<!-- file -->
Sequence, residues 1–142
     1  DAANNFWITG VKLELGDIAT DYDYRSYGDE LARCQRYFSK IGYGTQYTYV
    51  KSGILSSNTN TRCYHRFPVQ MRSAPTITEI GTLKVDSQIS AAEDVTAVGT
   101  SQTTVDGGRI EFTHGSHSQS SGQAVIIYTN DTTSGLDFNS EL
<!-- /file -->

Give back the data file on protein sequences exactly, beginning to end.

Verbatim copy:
Sequence, residues 1–142
     1  DAANNFWITG VKLELGDIAT DYDYRSYGDE LARCQRYFSK IGYGTQYTYV
    51  KSGILSSNTN TRCYHRFPVQ MRSAPTITEI GTLKVDSQIS AAEDVTAVGT
   101  SQTTVDGGRI EFTHGSHSQS SGQAVIIYTN DTTSGLDFNS EL